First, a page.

Self-employed professionals suffered substantial losses due to COVID-19, survey finds

Government aid package to cushion COVID-19 impact was of no help to 62.7% of self-employed professionals, according to a survey carried out by the Malta Federation of Professional Associations

Professionals have suffered financial losses as a result of COVID-19 restrictions
Professionals have suffered financial losses as a result of COVID-19 restrictions

The majority of self-employed professionals have suffered financial losses in the last two weeks of March, a survey by the Malta Federation of Professional Associations found.

A staggering 96.9% of self-employed professionals recorded loss of income due to restrictions introduced because of the coronavirus pandemic.

The results come from a survey carried out by the MFPA in the first week of April, which sought to analyse the current working conditions of professionals.

“The aim was to have a clearer picture of the difficulties professionals are facing in the current situation and be in a position to make proposals to the authorities,” the federation said. 

70.3% of self-employed professionals reported losses exceeding 50% of their usual income. 83.5% of those in full-time employment with part-time private practice, also reported financial losses with a quarter of these reporting a loss of more than 50%.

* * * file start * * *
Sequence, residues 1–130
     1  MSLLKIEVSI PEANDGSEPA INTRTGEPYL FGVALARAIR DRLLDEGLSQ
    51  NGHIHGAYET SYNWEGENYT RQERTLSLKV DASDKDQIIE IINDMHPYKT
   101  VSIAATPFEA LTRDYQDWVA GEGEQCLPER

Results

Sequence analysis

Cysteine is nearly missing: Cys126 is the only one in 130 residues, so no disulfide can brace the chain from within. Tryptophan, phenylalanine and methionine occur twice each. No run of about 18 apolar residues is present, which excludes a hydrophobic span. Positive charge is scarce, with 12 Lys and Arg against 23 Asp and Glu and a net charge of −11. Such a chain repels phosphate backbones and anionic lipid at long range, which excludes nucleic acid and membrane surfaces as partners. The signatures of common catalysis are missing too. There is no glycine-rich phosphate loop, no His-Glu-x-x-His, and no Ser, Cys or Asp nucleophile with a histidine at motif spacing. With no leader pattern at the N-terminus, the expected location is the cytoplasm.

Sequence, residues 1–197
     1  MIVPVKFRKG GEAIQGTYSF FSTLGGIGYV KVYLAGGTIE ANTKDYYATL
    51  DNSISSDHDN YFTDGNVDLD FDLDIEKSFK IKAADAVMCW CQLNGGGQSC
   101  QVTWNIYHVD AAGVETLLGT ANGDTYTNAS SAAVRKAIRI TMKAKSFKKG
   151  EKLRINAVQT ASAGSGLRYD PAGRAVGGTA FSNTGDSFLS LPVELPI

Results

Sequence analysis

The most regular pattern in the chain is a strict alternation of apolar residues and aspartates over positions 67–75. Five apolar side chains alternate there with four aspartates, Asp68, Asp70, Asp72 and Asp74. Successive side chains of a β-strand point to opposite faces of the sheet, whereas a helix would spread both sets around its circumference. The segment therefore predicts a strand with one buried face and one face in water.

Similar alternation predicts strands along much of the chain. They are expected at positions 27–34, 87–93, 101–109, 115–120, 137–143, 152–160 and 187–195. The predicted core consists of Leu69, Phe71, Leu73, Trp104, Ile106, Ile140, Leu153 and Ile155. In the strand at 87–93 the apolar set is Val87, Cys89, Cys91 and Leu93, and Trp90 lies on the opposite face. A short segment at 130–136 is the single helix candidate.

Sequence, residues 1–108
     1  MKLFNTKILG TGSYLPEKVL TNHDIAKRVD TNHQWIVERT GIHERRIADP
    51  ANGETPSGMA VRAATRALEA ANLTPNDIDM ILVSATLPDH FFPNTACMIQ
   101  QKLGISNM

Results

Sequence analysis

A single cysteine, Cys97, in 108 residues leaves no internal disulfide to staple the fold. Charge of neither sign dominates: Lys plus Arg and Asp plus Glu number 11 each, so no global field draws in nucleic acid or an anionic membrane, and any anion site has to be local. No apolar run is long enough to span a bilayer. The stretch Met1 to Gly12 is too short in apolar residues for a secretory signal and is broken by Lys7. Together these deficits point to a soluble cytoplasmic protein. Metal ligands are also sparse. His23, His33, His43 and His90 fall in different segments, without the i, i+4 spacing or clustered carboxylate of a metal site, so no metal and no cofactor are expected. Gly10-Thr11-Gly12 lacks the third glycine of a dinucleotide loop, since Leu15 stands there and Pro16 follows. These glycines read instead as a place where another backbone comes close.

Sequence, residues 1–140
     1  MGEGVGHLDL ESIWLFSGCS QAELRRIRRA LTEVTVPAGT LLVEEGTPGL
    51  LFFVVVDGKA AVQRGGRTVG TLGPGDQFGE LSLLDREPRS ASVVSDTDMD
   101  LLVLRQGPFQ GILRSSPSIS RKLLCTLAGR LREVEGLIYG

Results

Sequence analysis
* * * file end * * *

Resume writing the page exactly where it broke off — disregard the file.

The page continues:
62.7% of professionals surveyed said the financial packages offered by the government were of no help to them. Only 11% said the packages were of help.

Tax credits were suggested by 70.1% as being a good method of compensation. 42.2% of the employed and 63.1% of those in employment with part-time private practice also reported that tax credits could be one type of compensation.

Suggestions from all employment categories included reducing utility bills, increase in health allowance, provide danger money, suspension of bank loans, subsidised salaries, provide wage supplement, and provision of additional monetary bonuses.

Higher stress levels

 Looking to understand how respondents’ stress levels have been affected, 28% said they worked longer hours. 

72% said they felt more stress in the last two weeks of March, with 33% saying their levels of stress could increase further if the situation persists for a further two months. 

Self-employed professionals reported a higher rate of stress (74.9%), compared to 70.5% of those who are employed and 70.6% employed with part-time private practice.

Participants were asked whether they were at high risk of being infected due to COVID-19, with 33% saying they were. 

65.3% of respondents were healthcare professionals.

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